Microsoft's Cortana Wants To Play Nice With Salesforce

Microsoft CEO Satya Nadella sees the company's new Cortana Analytics Suite as a way for Salesforce customers to engage with data. Cortana wasn't quite cooperating onstage at Dreamforce, though.

Thomas Claburn, Editor at Large, Enterprise Mobility

September 17, 2015

2 Min Read
<p style="text-align:left">(Image: Salesforce)</p>

8 Smart Cities: A Peek At Our Connected Future

8 Smart Cities: A Peek At Our Connected Future

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Microsoft wants its Cortana voice recognition technology to help Salesforce customers question the cloud about their data.

At Dreamforce 2015 in San Francisco on Wednesday, Microsoft CEO Satya Nadella announced that the company's Cortana Analytics Suite, announced in July, can be used with The cloud-based Software-as-a-Service (SaaS) combines Microsoft's Cortana voice interface with the company's Power BI technology and machine learning. Used in conjunction with Salesforce and Alpine Metrics, the Cortana Analytics Suite promises a way to improve the management of sales processes through voice-based interaction and visual presentation.

"Conversations are becoming the new platform, the new driver of productivity," said Nadella during his keynote presentation.

Machine learning is one of the underpinnings of the Cortana Analytics Suite. According to Nadella, machine learning can help companies turn data exhaust into business fuel. "In a world of big data, recognizing small patterns becomes the most important thing for an organization and for an individual," said Nadella.

Recognizing words is important too, and Cortana isn't perfect yet.

Nadella demonstrated how Microsoft Power BI could analyze a natural language query, and use Alpine Metrics, a add-in, to identify the best salesperson for a specific task. It didn't quite work.

"Show me my most at-risk opportunities," Nadella requested, three times, without being understood by Cortana. With an offstage assist, the query was entered and the data was presented using Microsoft's Cortana Analytics Suite.

According to Microsoft, Cortana Analytics Suite enables real-time recommendations, customer churn forecasting, fraud detection, and predictive maintenance, among other use cases.

In a draft blog post provided to InformationWeek by Microsoft, Joseph Sirosh, corporate VP of information management and machine learning at Microsoft, explained that sales forecasts have traditionally relied on the instincts of people to identify customers who are ready to buy. Cortana Analytics Suite and Alpine Metrics can provide users with analysis free of guestimates and personal biases, Sirosh wrote.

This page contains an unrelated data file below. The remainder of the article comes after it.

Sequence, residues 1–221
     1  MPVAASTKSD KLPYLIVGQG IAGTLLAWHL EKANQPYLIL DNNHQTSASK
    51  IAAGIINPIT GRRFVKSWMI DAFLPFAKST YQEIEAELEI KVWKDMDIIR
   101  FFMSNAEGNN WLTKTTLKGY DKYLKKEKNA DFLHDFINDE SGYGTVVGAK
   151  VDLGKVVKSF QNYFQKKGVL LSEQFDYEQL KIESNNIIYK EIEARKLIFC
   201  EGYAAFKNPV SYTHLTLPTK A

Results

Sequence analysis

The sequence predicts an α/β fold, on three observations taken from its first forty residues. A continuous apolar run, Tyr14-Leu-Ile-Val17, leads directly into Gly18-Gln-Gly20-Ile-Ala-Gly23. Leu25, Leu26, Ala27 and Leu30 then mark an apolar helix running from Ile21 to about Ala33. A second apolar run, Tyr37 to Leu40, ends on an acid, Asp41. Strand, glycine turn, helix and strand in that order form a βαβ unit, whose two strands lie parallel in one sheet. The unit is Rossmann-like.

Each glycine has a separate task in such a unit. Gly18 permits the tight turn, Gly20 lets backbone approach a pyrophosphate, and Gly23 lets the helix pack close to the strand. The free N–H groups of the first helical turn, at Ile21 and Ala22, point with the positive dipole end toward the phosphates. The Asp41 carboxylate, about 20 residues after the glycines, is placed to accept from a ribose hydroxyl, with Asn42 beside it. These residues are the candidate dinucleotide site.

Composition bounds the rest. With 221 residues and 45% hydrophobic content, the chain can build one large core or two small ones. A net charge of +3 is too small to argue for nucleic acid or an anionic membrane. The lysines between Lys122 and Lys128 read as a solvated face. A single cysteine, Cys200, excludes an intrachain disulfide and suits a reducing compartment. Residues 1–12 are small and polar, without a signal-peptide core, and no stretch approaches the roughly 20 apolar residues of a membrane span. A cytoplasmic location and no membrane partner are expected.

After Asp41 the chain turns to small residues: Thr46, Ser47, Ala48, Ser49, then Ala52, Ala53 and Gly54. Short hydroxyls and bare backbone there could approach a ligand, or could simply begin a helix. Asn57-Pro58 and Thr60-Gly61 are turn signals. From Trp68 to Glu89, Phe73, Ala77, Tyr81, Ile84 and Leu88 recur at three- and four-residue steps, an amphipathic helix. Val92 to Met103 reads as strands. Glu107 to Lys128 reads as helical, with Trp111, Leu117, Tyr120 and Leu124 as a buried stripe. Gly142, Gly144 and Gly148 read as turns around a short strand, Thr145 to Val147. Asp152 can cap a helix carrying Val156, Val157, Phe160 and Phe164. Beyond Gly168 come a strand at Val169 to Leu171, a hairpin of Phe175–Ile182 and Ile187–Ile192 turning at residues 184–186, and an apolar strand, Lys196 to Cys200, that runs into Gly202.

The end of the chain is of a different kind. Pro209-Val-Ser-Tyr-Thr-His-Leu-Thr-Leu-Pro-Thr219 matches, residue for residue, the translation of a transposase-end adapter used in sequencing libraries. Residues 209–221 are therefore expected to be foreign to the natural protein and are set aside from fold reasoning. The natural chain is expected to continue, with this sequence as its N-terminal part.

For example, Sirosh said the machine learning of Cortana Analytics can enhance the data amassed by Salesforce customers by enabling possibilities such as "opportunity routing" -- assigning a potential business lead to the person most likely to convert the lead into a sale.

According to Sirosh, Cortana Analytics Suite connects to Salesforce data and combines it with the necessary Web services to answer queries through visualizations that weigh a variety of factors, such as geography, probability, and history, among others.

Cortana Analytics Suite is being used by healthcare provider Dartmouth Hitchcock to create a system that tracks patient health in real-time and supports proactive responses to health issues raised by healthcare devices. It's also being used by Rockwell Automation to predict when equipment needs maintenance.

About the Author(s)

Thomas Claburn

Editor at Large, Enterprise Mobility

Thomas Claburn has been writing about business and technology since 1996, for publications such as New Architect, PC Computing, InformationWeek, Salon, Wired, and Ziff Davis Smart Business. Before that, he worked in film and television, having earned a not particularly useful master's degree in film production. He wrote the original treatment for 3DO's Killing Time, a short story that appeared in On Spec, and the screenplay for an independent film called The Hanged Man, which he would later direct. He's the author of a science fiction novel, Reflecting Fires, and a sadly neglected blog, Lot 49. His iPhone game, Blocfall, is available through the iTunes App Store. His wife is a talented jazz singer; he does not sing, which is for the best.

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